What Is an Escrow Account?
An escrow account acts as a savings account that is managed by your mortgage servicer. Your mortgage servicer will deposit a portion of each mortgage payment into your escrow account to cover your estimated real estate taxes and insurance premiums. It’s that simple.
Establishing an Escrow Account at Closing
When you close on your loan, your lender will collect enough funds to establish an escrow account. Each month, a portion of your mortgage payment will go into your escrow account, and your lender will use the escrow account to pay your taxes and home insurance bills when they are due. This spreads the amount over 12 months, making it easier on your bank account. And since your lender is making the payments, you won’t have to worry about remembering when they’re due.
When You Need an Escrow Account
Whether you need to have an escrow account of not can depend on your type of loan and your lender. Government-backed loan options, like FHA and USDA loans, require an escrow account. Lenders of conventional loans can decide if an escrow account is necessary.
Even if an escrow account isn’t necessary, they can still be a good idea. If you don’t use an escrow account, you’ll be responsible for paying property taxes and insurance yourself, so you’ll need to handle budgeting and paying them on time. When you have an escrow account, your lender manages the payments and budgeting for you, and you’ll be able to spread out your taxes and insurance payments over the year, instead of paying a lump sum all at once.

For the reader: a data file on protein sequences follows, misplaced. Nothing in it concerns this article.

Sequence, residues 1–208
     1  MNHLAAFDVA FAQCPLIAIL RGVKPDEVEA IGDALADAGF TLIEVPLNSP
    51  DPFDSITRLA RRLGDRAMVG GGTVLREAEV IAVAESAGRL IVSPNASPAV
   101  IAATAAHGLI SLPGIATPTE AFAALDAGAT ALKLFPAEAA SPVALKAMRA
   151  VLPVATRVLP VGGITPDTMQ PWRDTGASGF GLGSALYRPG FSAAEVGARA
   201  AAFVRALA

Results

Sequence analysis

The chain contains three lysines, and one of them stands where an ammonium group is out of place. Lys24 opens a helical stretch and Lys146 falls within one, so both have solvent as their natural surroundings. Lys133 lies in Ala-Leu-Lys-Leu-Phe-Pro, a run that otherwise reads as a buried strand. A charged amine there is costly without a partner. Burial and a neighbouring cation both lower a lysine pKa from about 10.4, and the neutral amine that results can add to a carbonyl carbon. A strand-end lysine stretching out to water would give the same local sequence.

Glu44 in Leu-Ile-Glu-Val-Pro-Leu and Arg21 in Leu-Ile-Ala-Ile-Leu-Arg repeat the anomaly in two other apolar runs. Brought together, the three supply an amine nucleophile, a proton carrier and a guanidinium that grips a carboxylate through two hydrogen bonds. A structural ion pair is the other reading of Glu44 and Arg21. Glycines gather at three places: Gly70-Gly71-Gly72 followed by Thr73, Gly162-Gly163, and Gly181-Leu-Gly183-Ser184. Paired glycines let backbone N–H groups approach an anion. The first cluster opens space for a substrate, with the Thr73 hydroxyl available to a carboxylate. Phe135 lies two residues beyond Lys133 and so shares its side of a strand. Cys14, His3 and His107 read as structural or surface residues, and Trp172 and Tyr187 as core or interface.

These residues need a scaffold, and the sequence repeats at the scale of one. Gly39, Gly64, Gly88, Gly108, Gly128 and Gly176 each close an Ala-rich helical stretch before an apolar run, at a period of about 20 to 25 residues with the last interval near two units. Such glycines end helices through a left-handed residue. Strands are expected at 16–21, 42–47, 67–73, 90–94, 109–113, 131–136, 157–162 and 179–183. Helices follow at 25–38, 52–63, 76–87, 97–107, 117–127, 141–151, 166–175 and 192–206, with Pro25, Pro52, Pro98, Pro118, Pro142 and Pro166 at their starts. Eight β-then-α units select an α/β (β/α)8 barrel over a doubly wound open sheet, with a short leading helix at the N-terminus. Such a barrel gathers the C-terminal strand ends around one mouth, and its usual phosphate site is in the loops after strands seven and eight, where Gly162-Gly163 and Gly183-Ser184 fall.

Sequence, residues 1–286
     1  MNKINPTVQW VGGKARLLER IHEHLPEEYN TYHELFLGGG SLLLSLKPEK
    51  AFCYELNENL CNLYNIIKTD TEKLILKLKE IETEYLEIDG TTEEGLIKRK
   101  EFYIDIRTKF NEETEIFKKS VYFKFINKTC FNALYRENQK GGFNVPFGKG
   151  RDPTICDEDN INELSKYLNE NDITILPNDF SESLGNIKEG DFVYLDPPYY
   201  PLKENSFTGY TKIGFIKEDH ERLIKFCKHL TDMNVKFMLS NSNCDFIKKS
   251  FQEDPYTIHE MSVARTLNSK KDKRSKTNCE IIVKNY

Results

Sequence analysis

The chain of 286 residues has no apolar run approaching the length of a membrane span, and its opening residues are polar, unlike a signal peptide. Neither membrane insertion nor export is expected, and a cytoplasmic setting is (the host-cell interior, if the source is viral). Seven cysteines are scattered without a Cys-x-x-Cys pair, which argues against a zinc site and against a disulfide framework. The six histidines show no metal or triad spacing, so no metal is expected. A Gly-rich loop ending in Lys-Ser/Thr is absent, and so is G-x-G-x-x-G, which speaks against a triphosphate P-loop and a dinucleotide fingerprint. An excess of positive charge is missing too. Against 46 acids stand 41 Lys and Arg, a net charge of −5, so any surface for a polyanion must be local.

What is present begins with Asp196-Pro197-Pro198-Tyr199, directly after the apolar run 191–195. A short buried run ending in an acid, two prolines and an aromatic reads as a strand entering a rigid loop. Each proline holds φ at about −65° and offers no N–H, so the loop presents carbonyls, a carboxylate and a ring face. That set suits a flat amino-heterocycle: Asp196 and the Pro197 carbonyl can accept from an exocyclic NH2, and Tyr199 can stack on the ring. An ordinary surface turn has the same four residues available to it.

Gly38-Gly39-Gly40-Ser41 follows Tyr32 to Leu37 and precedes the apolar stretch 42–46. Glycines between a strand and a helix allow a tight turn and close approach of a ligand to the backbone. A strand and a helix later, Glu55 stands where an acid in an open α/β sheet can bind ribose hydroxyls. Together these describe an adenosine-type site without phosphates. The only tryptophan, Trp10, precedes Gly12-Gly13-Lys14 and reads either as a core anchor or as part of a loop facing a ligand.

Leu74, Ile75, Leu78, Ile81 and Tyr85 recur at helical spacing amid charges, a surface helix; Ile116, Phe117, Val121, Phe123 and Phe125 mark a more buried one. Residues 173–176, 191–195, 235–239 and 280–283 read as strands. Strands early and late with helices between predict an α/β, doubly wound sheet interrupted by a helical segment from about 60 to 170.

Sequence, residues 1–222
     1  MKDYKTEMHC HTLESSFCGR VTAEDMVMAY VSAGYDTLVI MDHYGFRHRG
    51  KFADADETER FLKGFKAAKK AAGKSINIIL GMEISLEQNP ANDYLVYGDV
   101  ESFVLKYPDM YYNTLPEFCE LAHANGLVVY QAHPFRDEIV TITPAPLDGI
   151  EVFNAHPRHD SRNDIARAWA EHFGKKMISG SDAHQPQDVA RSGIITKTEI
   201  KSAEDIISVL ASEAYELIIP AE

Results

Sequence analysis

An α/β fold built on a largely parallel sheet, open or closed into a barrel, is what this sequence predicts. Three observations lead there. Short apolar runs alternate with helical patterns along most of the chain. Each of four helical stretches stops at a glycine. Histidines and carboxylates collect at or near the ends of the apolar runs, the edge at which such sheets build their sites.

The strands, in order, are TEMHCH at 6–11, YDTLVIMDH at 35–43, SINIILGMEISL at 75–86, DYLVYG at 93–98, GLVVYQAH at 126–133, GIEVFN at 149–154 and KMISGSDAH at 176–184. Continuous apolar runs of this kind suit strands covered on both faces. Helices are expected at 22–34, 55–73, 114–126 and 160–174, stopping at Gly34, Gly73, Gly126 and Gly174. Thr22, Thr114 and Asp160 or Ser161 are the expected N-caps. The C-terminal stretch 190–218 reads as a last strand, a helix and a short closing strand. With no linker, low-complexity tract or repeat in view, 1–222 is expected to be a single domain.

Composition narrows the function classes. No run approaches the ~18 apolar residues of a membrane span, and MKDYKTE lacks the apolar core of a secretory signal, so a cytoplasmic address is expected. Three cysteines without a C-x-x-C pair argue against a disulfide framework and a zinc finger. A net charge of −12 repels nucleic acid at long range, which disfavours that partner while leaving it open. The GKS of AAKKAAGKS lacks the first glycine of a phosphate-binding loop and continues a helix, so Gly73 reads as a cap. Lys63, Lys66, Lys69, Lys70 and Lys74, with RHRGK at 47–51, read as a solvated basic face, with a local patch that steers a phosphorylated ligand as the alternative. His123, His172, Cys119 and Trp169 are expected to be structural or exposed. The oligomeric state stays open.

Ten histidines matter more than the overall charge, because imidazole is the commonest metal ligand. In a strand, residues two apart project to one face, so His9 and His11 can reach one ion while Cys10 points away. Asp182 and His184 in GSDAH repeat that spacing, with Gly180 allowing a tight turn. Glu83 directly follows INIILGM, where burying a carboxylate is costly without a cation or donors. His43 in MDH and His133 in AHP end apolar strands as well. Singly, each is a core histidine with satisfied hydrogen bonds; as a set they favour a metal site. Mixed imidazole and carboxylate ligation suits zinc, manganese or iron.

How Escrow Analysis Works
Your mortgage servicer will estimate the amount that will have to be paid for your real estate tax and homeowners insurance bills. This estimate, provided during closing, is based on the taxing authority and insurance company, or previous tax and insurance bills. Each year, your mortgage servicer will analyze your account to make sure you’re paying the right amount to maintain the minimum required balance. Because it’s based on an estimate, the amount can be overestimated or underestimated. This is called an escrow shortage or overage.
If there’s an overage, you’ll get your money back with a refund. If there’s a shortage, you’ll typically have a couple of options to pay the remainder. Your first option is to pay the full shortage up front. Another option would be to pay the shortage over a period of 12 months along with your regular payment. However, this option may not be allowed by some servicers.
How Escrow Works When Buying a Home
When you make an offer on a home, you’ll typically include a personal check of 1-2% of the purchase price. This is called “earnest money,” and shows the seller of the home that you’re a serious buyer. The check won’t be deposited until the seller accepts your offer.
If your offer is rejected, you’ll get your money back. If the offer is accepted, the money will go into an escrow account to be held until it’s time to close. Then, the money will be used toward your down payment and closing costs. In this scenario, the escrow account acts as a neutral place the money sits until all paperwork is finished and the home is officially yours.